Connect with us
Escape the Undertaker
Image: Netflix

TV

Escape the Undertaker an underwhelming horror entry from WWE and Netflix

The idea was raised, nearly a decade ago, that WWE Studios might seek to produce a movie dramatizing the backstory of the character of The Undertaker and his “brother,” Kane. It was all spelled out in wrestling storylines years ago- The Undertaker’s parents died in a fire, although later it turned out that Kane was actually responsible. There was also the part about Paul Bearer really being Kane’s father. 

Silly as it all was, it sounded like perfect horror movie fodder, and almost certainly a better idea for a movie than anything WWE Studios has made in its entire history. That movie never came to fruition, but now, with The Undertaker (Mark Calloway) retired from wrestling, he’s starring in a different fictional project, firmly in the horror genre. It’s also won that mostly makes Taker the villain, even as he was a good guy for the bulk of his career. 

It’s called Escape the Undertaker, and it’s an interactive, choose-your-own-adventure-style project from WWE Studios and Netflix, seemingly timed for the month of Halloween. While WWE is now in business with Peacock as its primary streaming partner, Escape the Undertaker seems to have been conceived prior to that deal. The Undertaker was also the subject of a Last Dance-like documentary series, Undertaker: The Last Ride; that one you can watch on Peacock. 

Escape the Undertaker
Image: Netflix

Escape the Undertaker is both deeply silly and far from the greatest imaginable use of interactive gimmicks. But it does have some fun easter eggs for longtime wrestling fans, such as a corpse at the Undertaker’s basement morgue having the name “Isaac Yankem, DDS.” 

The film begins with Calloway-as-Undertaker wielding his powerful urn, and asking if the audience is “brave enough” wild it themselves. The majority of the plot has The New Day (Kofi Kingston Xavier Woods and Big E) visiting the Undertaker’s mansion while seeking the urn themselves and later looking for a key to it. 

The interactive part asks things like what approach the characters should take as they enter the house, and whether they want to go to the basement or a different room. 

The director, Ben Simms, has an interesting resume. He’s not from the wrestling world or the WWE production apparatus, but rather has mostly directed episodes of You vs. Wild and Running Wild With Bear Grylls

Escape the Undertaker
Image: Netflix

Overall, the horror isn’t that scary, the acting more suited to the wrestling world to the genre one, and once again, the interactive gimmick doesn’t add much. And an older white guy threatening to take the souls of young Black men is a bit too close to the plot of Get Out for comfort.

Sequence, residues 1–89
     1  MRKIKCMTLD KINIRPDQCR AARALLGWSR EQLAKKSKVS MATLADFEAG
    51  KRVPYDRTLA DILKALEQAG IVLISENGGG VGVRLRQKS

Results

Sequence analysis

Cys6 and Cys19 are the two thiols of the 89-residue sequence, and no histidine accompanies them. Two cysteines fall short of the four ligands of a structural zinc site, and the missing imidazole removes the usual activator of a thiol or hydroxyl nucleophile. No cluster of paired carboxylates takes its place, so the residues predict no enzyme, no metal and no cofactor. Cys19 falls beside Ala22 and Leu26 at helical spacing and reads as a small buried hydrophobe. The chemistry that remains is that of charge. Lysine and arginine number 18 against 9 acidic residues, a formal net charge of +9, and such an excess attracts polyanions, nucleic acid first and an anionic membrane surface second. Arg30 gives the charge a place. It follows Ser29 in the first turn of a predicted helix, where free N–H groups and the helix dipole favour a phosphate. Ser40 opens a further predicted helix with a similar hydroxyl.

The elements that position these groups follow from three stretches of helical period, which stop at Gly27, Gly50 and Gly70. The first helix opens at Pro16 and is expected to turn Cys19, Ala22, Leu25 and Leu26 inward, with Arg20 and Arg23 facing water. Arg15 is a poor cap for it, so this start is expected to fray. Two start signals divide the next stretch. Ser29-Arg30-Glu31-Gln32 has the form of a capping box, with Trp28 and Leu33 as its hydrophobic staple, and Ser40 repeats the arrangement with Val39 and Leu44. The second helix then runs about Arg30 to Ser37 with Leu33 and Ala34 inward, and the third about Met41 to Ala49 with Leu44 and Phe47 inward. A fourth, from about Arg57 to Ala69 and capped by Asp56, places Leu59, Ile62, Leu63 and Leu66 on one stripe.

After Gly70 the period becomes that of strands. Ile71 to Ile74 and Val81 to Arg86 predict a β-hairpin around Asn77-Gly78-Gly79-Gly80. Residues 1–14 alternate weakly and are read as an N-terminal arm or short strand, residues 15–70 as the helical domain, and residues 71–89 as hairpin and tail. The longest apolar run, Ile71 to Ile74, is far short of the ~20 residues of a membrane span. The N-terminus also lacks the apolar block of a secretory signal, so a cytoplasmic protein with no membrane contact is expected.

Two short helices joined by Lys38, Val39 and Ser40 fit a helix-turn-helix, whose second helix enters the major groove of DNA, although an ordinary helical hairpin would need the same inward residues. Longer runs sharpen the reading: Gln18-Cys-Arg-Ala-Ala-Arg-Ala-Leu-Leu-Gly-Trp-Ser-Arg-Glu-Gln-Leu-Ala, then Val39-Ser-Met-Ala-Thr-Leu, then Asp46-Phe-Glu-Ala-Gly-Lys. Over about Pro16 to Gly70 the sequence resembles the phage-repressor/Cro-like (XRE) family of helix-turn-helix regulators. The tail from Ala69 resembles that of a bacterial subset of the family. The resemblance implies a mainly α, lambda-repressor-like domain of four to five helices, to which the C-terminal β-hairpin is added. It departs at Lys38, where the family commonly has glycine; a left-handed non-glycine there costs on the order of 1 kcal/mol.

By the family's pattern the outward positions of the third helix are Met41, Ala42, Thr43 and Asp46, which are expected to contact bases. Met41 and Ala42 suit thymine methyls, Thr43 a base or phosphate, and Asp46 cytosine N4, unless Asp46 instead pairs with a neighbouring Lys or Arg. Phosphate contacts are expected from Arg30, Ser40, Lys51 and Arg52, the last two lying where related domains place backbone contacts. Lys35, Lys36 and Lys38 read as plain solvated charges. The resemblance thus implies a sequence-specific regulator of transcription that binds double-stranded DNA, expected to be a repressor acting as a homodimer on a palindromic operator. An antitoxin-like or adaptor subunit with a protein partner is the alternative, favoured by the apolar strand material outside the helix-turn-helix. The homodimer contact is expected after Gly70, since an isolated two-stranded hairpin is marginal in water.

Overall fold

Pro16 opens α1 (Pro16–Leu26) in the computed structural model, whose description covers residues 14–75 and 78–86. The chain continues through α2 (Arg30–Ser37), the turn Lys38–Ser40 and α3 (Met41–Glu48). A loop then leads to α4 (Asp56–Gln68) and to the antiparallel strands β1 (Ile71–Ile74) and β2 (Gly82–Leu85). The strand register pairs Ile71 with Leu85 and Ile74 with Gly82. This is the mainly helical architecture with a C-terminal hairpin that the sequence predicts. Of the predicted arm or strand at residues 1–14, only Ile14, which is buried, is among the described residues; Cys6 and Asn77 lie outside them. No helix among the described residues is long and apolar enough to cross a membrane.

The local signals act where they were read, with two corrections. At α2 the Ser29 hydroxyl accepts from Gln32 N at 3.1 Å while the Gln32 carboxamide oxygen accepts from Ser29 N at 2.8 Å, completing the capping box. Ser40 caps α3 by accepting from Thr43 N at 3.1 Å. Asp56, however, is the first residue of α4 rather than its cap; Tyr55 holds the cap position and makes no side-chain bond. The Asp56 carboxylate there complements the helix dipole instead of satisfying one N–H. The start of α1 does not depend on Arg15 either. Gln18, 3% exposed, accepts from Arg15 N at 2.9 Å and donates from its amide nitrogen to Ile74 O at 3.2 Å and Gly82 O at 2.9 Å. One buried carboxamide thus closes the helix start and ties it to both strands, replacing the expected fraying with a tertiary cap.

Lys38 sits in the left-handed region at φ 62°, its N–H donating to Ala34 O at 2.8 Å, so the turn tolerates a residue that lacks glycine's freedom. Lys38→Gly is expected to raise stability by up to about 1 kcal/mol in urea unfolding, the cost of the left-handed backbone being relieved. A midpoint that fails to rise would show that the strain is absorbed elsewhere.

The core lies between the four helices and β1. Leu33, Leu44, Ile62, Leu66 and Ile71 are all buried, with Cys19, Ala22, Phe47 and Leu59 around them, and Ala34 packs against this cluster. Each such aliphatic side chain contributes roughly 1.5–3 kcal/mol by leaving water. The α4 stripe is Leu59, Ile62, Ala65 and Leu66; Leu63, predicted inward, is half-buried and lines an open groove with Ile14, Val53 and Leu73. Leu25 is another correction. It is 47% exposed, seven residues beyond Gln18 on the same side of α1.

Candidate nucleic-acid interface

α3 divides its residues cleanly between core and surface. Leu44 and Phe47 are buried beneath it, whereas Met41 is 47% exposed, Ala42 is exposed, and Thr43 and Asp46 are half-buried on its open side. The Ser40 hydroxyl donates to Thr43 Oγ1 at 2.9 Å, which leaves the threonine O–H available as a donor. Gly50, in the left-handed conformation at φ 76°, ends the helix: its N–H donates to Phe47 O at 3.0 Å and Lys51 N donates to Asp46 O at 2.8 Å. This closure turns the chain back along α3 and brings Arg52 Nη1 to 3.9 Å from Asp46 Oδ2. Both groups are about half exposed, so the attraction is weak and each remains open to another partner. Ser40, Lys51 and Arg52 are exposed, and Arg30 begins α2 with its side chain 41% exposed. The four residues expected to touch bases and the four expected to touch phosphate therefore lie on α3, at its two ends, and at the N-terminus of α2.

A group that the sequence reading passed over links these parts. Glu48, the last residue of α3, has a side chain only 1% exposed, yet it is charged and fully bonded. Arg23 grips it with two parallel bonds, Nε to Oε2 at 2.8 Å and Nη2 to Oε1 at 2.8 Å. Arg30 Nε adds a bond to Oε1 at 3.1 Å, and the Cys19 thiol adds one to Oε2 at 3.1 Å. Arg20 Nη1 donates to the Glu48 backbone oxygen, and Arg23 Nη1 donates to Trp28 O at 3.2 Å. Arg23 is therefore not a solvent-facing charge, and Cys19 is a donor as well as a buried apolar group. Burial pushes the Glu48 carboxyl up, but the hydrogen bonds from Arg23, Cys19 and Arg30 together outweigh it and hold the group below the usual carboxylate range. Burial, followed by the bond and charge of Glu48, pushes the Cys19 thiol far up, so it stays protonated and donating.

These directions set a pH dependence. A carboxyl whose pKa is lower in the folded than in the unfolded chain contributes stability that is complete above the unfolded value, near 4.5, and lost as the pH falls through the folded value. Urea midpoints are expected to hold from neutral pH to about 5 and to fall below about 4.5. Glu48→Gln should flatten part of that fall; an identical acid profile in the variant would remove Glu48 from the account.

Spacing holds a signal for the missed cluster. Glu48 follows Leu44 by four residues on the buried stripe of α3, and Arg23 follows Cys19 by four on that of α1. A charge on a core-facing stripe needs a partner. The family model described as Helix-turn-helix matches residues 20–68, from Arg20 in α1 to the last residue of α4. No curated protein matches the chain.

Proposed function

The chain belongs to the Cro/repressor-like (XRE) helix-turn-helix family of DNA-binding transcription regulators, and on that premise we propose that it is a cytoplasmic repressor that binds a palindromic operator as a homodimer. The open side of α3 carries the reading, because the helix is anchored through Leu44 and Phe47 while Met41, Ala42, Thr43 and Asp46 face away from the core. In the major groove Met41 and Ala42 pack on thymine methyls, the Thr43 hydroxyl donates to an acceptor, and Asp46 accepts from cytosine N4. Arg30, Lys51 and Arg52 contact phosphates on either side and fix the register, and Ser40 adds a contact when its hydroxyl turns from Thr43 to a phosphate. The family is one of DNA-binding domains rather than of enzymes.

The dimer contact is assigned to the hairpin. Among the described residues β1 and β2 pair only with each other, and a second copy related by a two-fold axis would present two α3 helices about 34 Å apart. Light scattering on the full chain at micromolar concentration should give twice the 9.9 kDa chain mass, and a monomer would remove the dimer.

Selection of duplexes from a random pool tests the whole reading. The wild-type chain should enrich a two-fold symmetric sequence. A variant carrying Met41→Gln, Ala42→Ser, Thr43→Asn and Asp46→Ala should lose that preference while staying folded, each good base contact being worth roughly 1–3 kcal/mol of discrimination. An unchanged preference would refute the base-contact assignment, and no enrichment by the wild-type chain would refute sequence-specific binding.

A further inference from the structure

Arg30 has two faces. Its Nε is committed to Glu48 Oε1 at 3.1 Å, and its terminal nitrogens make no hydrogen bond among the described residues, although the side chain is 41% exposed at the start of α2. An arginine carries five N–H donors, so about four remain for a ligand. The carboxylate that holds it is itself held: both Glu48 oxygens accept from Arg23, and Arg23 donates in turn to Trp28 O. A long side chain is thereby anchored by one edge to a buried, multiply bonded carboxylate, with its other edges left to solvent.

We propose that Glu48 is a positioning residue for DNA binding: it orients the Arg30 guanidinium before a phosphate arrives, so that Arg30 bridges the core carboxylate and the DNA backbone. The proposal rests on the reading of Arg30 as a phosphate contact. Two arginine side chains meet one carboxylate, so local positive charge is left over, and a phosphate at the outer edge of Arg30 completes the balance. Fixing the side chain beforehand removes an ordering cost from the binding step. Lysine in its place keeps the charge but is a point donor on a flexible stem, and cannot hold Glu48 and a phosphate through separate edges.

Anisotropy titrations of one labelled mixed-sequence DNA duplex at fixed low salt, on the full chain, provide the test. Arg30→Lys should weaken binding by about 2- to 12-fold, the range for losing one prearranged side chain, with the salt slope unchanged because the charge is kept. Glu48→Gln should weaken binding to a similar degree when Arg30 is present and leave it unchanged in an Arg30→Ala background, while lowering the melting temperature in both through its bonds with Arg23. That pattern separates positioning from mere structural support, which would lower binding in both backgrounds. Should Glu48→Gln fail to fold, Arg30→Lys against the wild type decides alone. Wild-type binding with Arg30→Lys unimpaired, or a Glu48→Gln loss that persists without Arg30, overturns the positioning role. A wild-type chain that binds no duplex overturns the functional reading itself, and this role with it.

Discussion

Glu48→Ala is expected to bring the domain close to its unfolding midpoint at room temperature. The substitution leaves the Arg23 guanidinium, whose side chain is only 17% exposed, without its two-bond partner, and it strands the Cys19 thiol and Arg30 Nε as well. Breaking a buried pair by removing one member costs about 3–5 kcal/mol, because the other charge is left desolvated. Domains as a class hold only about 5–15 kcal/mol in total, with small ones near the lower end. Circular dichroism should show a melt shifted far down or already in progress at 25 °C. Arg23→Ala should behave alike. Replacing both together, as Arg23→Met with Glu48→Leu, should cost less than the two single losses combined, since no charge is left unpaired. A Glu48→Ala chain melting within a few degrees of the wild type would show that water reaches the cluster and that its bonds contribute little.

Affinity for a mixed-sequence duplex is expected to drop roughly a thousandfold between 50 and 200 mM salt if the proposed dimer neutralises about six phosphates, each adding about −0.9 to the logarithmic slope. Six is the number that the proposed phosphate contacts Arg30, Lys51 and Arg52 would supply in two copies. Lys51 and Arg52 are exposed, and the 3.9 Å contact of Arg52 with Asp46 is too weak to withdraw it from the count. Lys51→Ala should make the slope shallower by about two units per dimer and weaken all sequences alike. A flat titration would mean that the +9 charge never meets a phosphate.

Escape the Undertaker fills the need to fill in the backstory of these characters, in the unlikely event that anyone watching this isn’t a wrestling fan and doesn’t know who Undertaker and the New Day are. However, since the Undertaker’s wrestling career lasted close to 30 years, there’s a chance some watching might know him more from his feuds with Hulk Hogan and the Ultimate Warrior than more of his recent work. 

Ultimately, Escape the Undertaker is an interesting lark, but that’s about it. Now, let’s get that Undertaker and Kane movie, please! 

Now Streaming

Written By

Stephen Silver is a journalist and film critic based in the Philadelphia area. He is the co-founder of the Philadelphia Film Critics Circle and a Rotten Tomatoes-listed critic since 2008, and his work has appeared in New York Press, Philly Voice, The Jewish Telegraphic Agency, Tablet, The Times of Israel, and RogerEbert.com. In 2009, he became the first American journalist to interview both a sitting FCC chairman and a sitting host of "Jeopardy" on the same day.

Click to comment

Leave a Reply

Your email address will not be published.

Facebook

Trending

Anti-War Anti-War

Three Bestselling Anti-War Novels, Three A-List Film Adaptations…Three Flops:  Castle Keep, Catch-22, Slaughterhouse-Five

Culture

Vesper poster Vesper poster

Vesper: Sci-Fi That Thinks Big With Limited Means

Culture

Unforgiven movie review Unforgiven movie review

Unforgiven Ushered the Western into its Afterlife 

Culture

Your Full List of All Upcoming Marvel Movies Your Full List of All Upcoming Marvel Movies

A Full List Of Upcoming Marvel Studios Film And TV Releases

Culture

Neil Gaiman’s The Sandman: The 10 Greatest Comic Issues Neil Gaiman’s The Sandman: The 10 Greatest Comic Issues

Neil Gaiman’s The Sandman: The 10 Greatest Comic Issues

Comics

Nope Nope

Jordan Peele’s Nope Explained: A Spectacle of “Bad Miracles”

Film

Alex's War (2022) Alex's War (2022)

Alex’s War, a Documentary Study of Alex Jones, Misses the Big Picture 

Film

All Out 2022 Predictions All Out 2022 Predictions

Way Too Early Predictions for All Out 2022

Wrestling

Signs movie review Signs movie review

M. Night Shyamalan Signs Finds Comfort at the End of the World

Film

Biography: WWE Legends’ Look at Goldberg is One of the Best Wrestling Documentaries Ever 

TV

Detective vs Sleuths Detective vs Sleuths

Detective vs. Sleuths: Buckle Up for a Bumpy Ride

Culture

Marvel at San Diego Comic-Con Marvel at San Diego Comic-Con

Marvel at San Diego Comic-Con 2022: A Full Recap

Culture

Bullet Train movie review Bullet Train movie review

Bullet Train Makes All the Wrong Stops

Culture

Sci-Fi And Superheroes Sci-Fi And Superheroes

Buried Treasures, Hidden Gems – Movies Due For a Revisit: Sci-Fi And Superheroes

Film

High Noon at 70: When Time is of the Essence

Features

Best Movies of 2022 So Far Best Movies of 2022 So Far

20 Best Movies of 2022 (So Far)

Culture

Connect